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Ellwood Thompson's online presence

Morgan Bast

April 27, 2010

4 Min Read
Ellwood Thompson's online presence

Visit Ellwood Thompson’s Facebook wall and you’ll find a steady stream of lively comments like “Hungry. Wish you were open,” and “I’m jonesing for a vegan veggie/hummus wrap and tofu cookie:-) Can u deliver to Midlo:-)?LOL.” These customers are a few of Ellwood Thompson’s more than 2,500 Facebook friends and nearly 1,000 Twitter followers who are connected both to the store and its digital message.

Ellwood Thompson’s is one of a growing number of natural products stores that is successfully tweeting, friending, videoing and blogging its way to a more engaged customer community.

Online, in store
The store’s focus on the Internet has surged in the last few years as social networking and blogging have become mainstream, says the store’s Marketing Director Cyndi Watkins.

“The majority of Richmond is college students, so a lot of people use Facebook and Twitter,” Watkins says. “It’s just a really inexpensive way to get in touch with a whole bunch of people quickly.”

Ellwood Thompson’s employees use a multitude of virtual platforms to educate and inform customers about what’s happening in the store, minute by minute. Twitter and Facebook are two of the largest tools, but they also use a blog (featured on the store’s home page), and a Flickr account where they post photos of in-store events and products, along with videos that allow shoppers to take a virtual tour of the store.

“We’ll run specials for a couple of hours and put out something like, ‘If you come in and say ‘buy local’ to your cashier, you’ll get a dollar off your hot bar,’” Watkins says. “Those always get really, really good responses. All of a sudden we’ll see 50 people come in saying, ‘buy local,’ and we realize people are following us. It’s a quick, easy way to put Ellwood Thompson’s back in people’s minds.”

Watkins also uses alerts to customers’ Facebook and Twitter accounts to help the store stand out against larger competitors. She says shoppers feel a personal connection when they receive individual messages from the store wishing them a happy birthday.

“I think being an independent retailer, in a world of all the big giants, it’s nice to have that personal touch,” Watkins says. “[Wishing them happy birthday] is a nice way to say, ‘Hey, we are local and we’re not corporate giants, and you guys do mean something to us.’”

Virtual sanity
The store’s website and social networking tools allow Watkins and other employees to use their time better, so they are able to put more focus on products and improving customer service.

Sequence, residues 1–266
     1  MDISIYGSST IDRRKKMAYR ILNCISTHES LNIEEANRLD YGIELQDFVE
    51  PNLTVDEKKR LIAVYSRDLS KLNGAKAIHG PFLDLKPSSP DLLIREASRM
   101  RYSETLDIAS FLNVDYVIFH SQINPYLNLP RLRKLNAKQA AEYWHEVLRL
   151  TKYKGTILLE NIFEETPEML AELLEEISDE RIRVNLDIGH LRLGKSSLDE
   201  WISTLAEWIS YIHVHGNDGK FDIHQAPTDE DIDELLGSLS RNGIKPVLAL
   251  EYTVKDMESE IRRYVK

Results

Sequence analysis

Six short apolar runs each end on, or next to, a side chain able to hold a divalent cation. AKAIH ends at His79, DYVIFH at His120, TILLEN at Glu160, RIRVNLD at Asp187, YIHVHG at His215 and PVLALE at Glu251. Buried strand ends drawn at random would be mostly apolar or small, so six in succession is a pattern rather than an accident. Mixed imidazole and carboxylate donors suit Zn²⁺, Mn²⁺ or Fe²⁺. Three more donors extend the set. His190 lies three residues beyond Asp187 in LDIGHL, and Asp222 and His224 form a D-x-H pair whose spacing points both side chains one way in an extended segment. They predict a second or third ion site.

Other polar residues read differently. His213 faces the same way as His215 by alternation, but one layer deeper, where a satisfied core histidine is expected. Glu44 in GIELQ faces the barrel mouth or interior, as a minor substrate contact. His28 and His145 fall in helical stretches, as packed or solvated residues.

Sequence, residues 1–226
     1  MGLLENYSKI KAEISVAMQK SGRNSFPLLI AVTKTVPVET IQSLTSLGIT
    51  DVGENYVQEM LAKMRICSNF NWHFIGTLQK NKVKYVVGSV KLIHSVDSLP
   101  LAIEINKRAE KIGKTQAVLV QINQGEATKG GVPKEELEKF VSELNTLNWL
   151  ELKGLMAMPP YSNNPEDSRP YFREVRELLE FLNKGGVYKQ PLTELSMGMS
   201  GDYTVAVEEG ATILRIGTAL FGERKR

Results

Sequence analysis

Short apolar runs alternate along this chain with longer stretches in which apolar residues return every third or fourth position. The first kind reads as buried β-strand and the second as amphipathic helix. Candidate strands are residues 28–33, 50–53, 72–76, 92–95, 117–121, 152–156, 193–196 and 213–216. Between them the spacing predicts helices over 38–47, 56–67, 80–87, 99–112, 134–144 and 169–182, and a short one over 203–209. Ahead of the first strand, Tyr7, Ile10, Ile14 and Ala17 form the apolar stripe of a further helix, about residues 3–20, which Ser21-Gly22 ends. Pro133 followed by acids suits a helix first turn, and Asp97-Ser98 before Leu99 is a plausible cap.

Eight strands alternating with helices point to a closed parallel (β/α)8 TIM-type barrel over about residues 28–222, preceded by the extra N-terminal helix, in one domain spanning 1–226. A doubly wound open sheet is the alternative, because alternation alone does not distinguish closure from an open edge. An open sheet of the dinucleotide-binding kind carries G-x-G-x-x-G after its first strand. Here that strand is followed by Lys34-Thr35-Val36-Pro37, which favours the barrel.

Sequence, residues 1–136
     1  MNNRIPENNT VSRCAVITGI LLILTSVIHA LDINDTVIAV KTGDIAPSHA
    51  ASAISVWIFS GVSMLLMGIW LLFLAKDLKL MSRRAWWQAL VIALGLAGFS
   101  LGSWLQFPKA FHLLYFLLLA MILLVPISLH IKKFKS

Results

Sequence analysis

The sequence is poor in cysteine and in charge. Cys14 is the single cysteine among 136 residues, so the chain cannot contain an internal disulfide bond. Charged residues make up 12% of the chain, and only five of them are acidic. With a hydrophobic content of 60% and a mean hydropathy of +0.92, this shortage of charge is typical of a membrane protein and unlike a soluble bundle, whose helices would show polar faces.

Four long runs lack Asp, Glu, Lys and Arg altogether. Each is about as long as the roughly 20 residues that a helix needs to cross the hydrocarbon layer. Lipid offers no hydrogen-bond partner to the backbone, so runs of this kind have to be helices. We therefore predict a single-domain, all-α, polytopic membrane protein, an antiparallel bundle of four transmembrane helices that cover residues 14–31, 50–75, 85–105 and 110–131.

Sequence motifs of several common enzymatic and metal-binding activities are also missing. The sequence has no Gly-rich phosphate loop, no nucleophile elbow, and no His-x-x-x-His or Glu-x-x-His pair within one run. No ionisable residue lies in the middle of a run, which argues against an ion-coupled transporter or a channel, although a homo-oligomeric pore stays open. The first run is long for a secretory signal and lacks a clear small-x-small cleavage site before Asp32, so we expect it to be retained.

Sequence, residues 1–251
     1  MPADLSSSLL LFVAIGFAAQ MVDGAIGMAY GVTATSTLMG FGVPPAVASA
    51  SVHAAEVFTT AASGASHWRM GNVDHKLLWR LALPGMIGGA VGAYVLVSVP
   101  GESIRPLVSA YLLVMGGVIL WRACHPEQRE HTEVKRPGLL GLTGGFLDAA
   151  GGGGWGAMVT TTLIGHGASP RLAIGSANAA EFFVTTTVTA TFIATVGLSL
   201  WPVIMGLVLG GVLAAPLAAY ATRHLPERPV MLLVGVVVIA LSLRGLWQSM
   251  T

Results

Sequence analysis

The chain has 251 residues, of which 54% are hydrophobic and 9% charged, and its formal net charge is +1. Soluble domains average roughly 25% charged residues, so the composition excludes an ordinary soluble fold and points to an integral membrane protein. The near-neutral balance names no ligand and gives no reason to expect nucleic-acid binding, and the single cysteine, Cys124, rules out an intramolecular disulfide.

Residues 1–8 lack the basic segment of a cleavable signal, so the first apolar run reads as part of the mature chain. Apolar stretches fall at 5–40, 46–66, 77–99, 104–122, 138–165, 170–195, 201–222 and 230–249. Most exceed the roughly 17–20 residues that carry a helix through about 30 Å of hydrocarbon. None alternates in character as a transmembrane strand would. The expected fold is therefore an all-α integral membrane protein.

“We used to get phone calls, probably every minute, asking what was on the hot bar for the day. Now we put the specials online. Obviously, that frees up some productivity for the kitchen so they can actually make the food instead of fielding phone calls,” Watkins says.

Using the Internet effectively also helps the store save money on marketing and customer education.

“The website has a lot of resources on it,” Watkins says, noting that the store’s home page rotates environmental, political and farmer-profile articles. “It’s a little bit of both a marketing tool and a resource for customers. We are trying to be as paper-free as we can, so this is a great way to do that cheaply.”

Get interactive
Once you have a site you feel confident about, the key to success is empowering your staff to use it consistently, Watkins says. Ellwood Thompson’s trained each department head to update the website and social networks daily so content is never old and users are never bored.

“When I had to teach the department managers how to do it, the people who had been using it personally took right to it. Those who hadn’t blogged or Facebooked or Twittered were a little nervous at first,” Watkins says. “It is super friendly, easy to do and doesn’t take much time. I just explained it to people over and over again until they felt comfortable.”

About Ellwood Thompson's Local Market

4 N. Thompson St.
Richmond, VA 23221

Store size: 15,000 square feet
Employees: 120
History: Owner Eric Walters started the business in 1989 by selling supplements out of a closet in a restaurant.
Find it at:

To learn more about going digital, visit

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